A: Yes, there are strict time restrictions. The QI must be in place and receive the net proceeds by the time that the relinquished property is sold. Also, if the owner would like more time, the owner may “identify” replacement property in a written notice sent to the QI within 45 days of the initial closing. By identifying replacement property, the owner will have up to 180 days from the relinquished property closing to acquire the identified replacement property or properties. Note that if all replacement property is acquired within 45 days, there will be no reason to identify because the exchange will be complete.

Q: How do you identify and what is the identification period?

A: You identify in a written notice sent to the QI by midnight of the 45th day following the relinquished property closing. The owner may acquire one, more or all the identified properties; properties not identified may not be acquired in the exchange.

Q: What is the closing period?

A: The owner must close on all replacement property or properties within 180 days of the relinquished property closing. Technically, Section 1031 mandates closing by the earlier of (i) 180 days of the relinquished property closing or (ii) the due date of the owner’s tax return (with extensions). Most taxpayers are able to file an automatic extension, which means that owners generally have the full 180 days to complete their exchange.

Q: What are the benefits of a Section 1031 exchange?

A: There are many benefits:

  • Tax deferral is the primary benefit.
  • Build family wealth over time with multiple exchanges.
  • Exchange non-income producing property (for example, land) for income-producing property to generate cash flow.
  • Exchange actively managed property (for example, a rental house) for passive property (for example, a DST or net lease).
  • Acquire higher quality DST replacement property than the taxpayer could afford on their own.
  • Diversify to reduce risk by acquiring several DST replacement properties.
  • Potential tax forgiveness for heirs with a step-up in basis upon death.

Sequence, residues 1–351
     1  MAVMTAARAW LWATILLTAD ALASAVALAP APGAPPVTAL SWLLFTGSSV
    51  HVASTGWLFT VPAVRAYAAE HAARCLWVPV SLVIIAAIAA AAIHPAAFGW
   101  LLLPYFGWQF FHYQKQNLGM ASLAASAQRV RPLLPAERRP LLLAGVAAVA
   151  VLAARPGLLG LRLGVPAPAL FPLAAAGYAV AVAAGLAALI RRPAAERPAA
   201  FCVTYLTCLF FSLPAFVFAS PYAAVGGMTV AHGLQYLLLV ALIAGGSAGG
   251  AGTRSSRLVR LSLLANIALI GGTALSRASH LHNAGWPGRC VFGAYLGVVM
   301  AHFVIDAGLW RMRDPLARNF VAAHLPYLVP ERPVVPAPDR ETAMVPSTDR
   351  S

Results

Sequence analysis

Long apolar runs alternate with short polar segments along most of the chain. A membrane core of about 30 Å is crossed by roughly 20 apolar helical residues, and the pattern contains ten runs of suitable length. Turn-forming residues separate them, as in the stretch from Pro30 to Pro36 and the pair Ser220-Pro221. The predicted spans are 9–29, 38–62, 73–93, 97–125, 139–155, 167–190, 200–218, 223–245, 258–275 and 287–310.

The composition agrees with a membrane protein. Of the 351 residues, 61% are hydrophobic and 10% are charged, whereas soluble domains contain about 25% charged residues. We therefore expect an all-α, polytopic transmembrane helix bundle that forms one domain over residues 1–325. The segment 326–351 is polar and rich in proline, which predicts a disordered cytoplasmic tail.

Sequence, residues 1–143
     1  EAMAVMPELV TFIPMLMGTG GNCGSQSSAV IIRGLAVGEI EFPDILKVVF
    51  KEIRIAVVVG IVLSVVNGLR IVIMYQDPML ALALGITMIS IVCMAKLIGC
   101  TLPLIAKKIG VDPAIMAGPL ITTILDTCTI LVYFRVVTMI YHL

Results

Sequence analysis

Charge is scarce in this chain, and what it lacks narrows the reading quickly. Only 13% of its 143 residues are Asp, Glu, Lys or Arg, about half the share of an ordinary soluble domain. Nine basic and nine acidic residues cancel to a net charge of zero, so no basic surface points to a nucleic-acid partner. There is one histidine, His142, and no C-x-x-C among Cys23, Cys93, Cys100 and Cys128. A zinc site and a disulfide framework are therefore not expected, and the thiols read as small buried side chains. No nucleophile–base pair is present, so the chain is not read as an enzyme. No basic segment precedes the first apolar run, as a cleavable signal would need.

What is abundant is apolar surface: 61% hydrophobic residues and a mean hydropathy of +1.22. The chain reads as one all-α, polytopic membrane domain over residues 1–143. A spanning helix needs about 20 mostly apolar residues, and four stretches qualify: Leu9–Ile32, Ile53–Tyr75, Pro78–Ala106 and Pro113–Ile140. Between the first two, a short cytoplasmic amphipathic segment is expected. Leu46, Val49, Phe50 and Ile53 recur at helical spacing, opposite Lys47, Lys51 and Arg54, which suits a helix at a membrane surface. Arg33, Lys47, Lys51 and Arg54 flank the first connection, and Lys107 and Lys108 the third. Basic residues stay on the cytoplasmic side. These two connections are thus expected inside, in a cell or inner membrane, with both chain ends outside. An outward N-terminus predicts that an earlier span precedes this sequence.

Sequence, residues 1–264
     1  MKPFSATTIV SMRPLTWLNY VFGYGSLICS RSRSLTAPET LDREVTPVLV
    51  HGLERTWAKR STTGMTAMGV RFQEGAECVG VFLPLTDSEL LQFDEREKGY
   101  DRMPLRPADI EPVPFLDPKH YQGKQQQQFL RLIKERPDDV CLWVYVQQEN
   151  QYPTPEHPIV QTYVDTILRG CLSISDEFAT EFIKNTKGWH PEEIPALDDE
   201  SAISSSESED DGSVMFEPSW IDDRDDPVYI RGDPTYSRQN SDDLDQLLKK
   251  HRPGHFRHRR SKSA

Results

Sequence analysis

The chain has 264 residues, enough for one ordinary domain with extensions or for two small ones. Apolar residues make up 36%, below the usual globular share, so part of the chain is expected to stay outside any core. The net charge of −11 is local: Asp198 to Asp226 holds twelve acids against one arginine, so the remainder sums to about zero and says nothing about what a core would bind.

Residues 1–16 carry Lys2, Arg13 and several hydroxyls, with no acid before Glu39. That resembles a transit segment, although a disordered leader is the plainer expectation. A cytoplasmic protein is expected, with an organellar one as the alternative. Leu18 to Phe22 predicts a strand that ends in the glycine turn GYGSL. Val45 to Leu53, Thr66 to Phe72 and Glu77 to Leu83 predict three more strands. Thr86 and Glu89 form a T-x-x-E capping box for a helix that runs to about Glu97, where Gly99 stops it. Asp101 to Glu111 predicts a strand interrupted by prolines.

If you are interested in learning more about Section 1031 tax-deferred exchanges, consider contacting Capital Square! To learn more about the company and contact a representative, visit or call their offices at 877-626-1031. Capital Square has locations in Metro-Richmond, VA, Washington, DC and Newport Beach, CA. Louis Rogers and his team would be happy to assist you with your next real estate investment!

Jan 27, 2023 ATC

Introducing The New Modified Rider Division at the 2023 AEC

The United States Eventing Association (USEA) is pleased to announce the addition of the Modified Rider division beginning at the 2023 USEA American Eventing Championships (AEC), presented by Nutrena Feeds. The USEA AEC will move back to the Kentucky Horse Park in Lexington, Kentucky August 29–September 3, 2023.

Jan 26, 2023 Young Event Horse

Get a Taste of Eventing with the New Event Horse Program

Are you interested in competing in the sport of eventing but aren’t quite sure how to get started? Do you have a horse that is looking for a new career? Consider participating in a USEA New Event Horse (NEH) competition in 2023! The USEA NEH Program was created to be an introduction to the sport of eventing for both horse and rider, and the 2023 NEH Calendar is now available here.

Jan 25, 2023 Profile

Dondante Steps Into The Spotlight with 2022 Standlee USEA Horse of the Year Title

Will Coleman had a huge 2022 with his string of horses, including a team silver medal at the FEI World Eventing Championship in Italy on Off The Record and top four-star placings with Chin Tonic HS, but it was Dondante whose consistency paid off to earn the Standlee Premium Western Forage USEA Horse of the Year title.

Jan 24, 2023 Volunteers

The VIP Volunteer: Julie Murray

Julie Murray has loved horses since she could breathe, so when her daughters showed an interest in Pony Club and then eventing, she was thrilled to go along for the ride.

Murray started volunteering at the Fallbrook Pony Club near her home in Fallbrook, California, serving as an intermediate district commissioner.